Current Projects
The DARPA SC2 competition is a competition to reveal the benefits of making radios intelligent and autonomous. Current radio communication rigidly partitions the available spectrum to avoid interference; however this leads to significant under-utilization of spectrum. Intelligent radios can infer their surrounding environment and radios, talk to other radios and hence greatly improve the spectrum utilization. Our project is concerned with the scoring of the SC2 competition, which involves setting up appropriate incentives for the competitors to collaborate.
Recently, a number of results have shown that learning systems (especially deep ones) generalize poorly, in particular, it is very easy to construct "adversarial" samples that fools such systems. In our work, we attempt to understand the issue theoretically and provide approaches that make the learning system robust to such adversarial samples.
Past Projects
The Transport Security Administration has launched a new initiative known as Dynamic Aviation Risk Management Solution (DARMS) which aims to enhance aviation security. Dubbed as the "future of aviation security", this ambitious project aims to provide a mathematically sound basis for intelligent screening of passengers. The TSA utilizes a number of screening resources for screening passengers, e.g., x-ray machines, metal detectors, pat-downs, etc. However, the most effective screening resources cannot be used to screen every passenger as there exists capacity bounds on the usage of each screening resource with lower capacity for more effective resources. Thus, given the risk category of each passenger, the number of passengers and the efficacy of resources in detecting threats, the goal is to maximize the quality of security screening subject to the underlying passenger flow constraints. 
As part of passenger screening component of the DARMS projects, I proposed a novel Stackelberg game model for screening of threats (Threat Screening Games). Combining team formation aspects for the capacity-constrained screening resources with the need to screen every passenger in every risk category as effectively as possible resulted in a huge (exponentially large) linear program (LP) required to compute equilibrium of the Stackelberg game. I provided techniques for scaling up the equilibrium computational; the techniques includes a novel temporal decomposition of the game and a novel alternate representation of the LP obtained by using a convex combination of a number of polytopes to represent the feasible space of the LP. This work is being tested as a pilot in one of the biggest airports in the country starting August 2016, and will hopefully be adopted by all airports in future.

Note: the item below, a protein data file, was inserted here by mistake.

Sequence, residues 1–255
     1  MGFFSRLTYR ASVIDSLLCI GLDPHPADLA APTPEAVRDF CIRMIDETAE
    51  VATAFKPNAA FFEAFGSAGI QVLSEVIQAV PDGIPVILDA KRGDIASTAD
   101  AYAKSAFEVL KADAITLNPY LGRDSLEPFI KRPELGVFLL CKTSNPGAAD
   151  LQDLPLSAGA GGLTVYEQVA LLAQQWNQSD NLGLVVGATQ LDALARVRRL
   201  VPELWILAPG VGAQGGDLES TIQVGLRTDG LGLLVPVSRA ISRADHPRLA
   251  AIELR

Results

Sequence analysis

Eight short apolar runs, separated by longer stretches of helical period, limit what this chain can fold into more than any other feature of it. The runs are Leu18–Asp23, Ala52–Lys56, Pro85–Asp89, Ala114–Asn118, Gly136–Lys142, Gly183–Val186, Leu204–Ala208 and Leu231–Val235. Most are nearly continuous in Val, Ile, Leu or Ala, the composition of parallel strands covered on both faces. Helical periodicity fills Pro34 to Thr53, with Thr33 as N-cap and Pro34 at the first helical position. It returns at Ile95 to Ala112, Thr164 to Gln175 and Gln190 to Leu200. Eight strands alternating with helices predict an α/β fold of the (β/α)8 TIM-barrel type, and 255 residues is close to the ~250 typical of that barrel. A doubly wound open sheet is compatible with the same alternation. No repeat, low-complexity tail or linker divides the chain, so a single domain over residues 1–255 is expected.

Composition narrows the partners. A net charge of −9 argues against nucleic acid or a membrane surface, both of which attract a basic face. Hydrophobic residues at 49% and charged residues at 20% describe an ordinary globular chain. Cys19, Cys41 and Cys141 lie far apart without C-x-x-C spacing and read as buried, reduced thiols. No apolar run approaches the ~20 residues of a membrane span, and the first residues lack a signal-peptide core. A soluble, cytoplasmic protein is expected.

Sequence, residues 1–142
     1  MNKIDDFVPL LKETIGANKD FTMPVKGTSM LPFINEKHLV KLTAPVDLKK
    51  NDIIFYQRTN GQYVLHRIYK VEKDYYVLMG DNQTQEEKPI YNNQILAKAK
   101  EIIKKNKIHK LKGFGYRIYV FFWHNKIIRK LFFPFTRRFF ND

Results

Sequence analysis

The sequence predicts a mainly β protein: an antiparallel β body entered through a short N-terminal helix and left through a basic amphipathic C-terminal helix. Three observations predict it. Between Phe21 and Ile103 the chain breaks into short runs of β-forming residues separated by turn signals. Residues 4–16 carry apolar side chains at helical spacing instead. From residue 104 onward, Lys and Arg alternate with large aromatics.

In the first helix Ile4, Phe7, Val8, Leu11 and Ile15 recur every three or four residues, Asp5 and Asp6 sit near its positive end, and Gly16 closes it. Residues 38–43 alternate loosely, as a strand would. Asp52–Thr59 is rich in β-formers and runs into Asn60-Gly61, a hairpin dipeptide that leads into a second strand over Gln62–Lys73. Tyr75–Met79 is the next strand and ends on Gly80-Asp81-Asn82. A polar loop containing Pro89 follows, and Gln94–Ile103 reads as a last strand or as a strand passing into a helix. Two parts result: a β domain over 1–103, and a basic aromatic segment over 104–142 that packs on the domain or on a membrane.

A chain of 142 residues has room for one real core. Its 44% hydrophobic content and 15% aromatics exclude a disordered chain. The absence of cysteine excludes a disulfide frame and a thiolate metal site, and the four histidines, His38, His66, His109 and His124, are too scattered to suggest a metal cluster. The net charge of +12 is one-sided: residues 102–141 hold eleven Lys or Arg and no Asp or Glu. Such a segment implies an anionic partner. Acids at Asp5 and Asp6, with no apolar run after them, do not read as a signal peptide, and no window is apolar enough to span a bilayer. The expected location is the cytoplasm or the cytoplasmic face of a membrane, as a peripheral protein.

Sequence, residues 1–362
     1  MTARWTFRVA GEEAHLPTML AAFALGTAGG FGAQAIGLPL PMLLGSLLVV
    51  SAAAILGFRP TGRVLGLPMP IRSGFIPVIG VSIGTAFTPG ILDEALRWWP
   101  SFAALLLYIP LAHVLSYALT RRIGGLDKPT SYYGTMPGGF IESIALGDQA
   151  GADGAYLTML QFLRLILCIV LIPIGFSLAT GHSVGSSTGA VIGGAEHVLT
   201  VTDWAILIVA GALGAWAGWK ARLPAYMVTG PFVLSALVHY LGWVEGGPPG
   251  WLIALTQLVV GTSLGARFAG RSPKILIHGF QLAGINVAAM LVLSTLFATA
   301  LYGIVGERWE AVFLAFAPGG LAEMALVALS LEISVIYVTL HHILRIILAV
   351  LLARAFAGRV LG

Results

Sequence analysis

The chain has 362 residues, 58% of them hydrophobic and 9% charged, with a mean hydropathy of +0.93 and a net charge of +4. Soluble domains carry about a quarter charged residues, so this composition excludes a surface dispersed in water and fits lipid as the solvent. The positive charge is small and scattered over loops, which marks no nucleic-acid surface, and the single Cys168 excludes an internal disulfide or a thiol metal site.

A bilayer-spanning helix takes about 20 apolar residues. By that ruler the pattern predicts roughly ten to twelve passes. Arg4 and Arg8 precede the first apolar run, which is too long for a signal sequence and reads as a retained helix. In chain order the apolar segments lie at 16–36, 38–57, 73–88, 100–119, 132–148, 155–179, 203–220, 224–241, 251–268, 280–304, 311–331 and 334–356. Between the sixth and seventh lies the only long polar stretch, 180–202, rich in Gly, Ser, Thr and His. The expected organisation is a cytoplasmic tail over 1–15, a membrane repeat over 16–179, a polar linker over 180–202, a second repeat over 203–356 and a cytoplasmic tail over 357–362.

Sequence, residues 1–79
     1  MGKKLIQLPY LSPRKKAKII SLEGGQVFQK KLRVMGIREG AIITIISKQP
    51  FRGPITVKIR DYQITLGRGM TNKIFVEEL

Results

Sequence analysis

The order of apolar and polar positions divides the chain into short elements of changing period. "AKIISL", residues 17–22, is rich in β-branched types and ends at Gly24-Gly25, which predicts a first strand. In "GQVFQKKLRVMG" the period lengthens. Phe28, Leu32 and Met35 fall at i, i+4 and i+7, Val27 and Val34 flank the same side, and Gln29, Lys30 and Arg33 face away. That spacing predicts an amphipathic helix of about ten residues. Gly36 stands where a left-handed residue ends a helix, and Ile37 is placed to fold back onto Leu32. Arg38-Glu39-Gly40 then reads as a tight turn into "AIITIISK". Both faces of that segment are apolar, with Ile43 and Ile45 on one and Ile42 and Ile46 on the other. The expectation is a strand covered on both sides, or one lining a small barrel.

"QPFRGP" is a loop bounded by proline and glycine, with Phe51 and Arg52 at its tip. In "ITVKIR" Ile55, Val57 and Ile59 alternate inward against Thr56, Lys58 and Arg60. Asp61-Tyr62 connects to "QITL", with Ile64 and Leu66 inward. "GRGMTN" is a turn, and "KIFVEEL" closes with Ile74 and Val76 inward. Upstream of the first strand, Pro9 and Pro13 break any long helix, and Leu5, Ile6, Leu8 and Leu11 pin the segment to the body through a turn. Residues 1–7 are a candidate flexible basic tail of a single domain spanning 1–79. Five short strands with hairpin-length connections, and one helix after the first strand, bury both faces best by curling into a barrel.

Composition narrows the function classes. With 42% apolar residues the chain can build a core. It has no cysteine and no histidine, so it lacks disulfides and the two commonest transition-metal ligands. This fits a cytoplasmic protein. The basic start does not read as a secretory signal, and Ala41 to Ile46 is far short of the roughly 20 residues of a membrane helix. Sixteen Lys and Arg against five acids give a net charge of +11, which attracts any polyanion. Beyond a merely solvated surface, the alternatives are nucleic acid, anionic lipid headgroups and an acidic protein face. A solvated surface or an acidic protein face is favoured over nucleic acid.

The Department of Public Safety (DPS) at University of Southern California (USC) is tasked with ensuring security in and around USC campus, and similar to other security agencies, the number of patrol officers available is quite limited. DPS has records for past crime and patrol allocations over multiple years, and their goal is to conduct preventive patrols intelligently by predicting crime. I recognized that it is almost impossible to estimate utilities for petty criminals and moreover it had been shown empirically that criminals do not exhibit strategic behavior in practice. Also, while it is amazing that regret based approaches provide guarantees in an arbitrary adversary setting, I also recognized that adversaries may not be completely arbitrary and are more likely to exhibit patterns in their behavior which can be exploited to obtain better guarantees. 
Thus, rather than using poor estimates of utility and uncertain models of bounded rationality or regret based approaches, I proposed a technique that directly learns the behavior of the criminals. I proposed a Dynamic Bayesian Network (DBN) based model [AAMAS 15] of predicting crimes from available crime and patrol data; the parameters of the model capture the behavior of the criminals. This project is now part of the software used by USC police to aid in preventive patrolling.
The HIPAA privacy law was passed in 1996 to prevent inappropriate flow of private health information. Given the undesirable consequences of restricting flow of health information (e.g., in a medical emergency), post-hoc audits of health record accesses is the preferred means of detection and remediation of HIPAA breaches in hospitals. However, the complicated privacy policies do not permit completely automated auditing, thus, the few human auditors are faced with a large number of suspicious cases to audit. Indeed, ad-hoc audit practices has resulted in many HIPAA breaches. 
As part of my Ph.D. work at Carnegie Mellon University, I proposed a Stackelberg game model [IJCAI 13, AAAI 15] of the interaction between the auditor and auditee. An important component of this auditor-auditee interaction is punishments; judicious use of punishments can shape the behavior of the auditee resulting in desirable outcomes. I provided scalable algorithms to compute the solution of the non-convex optimization involved in computing the Stackelberg equilibrium of the game.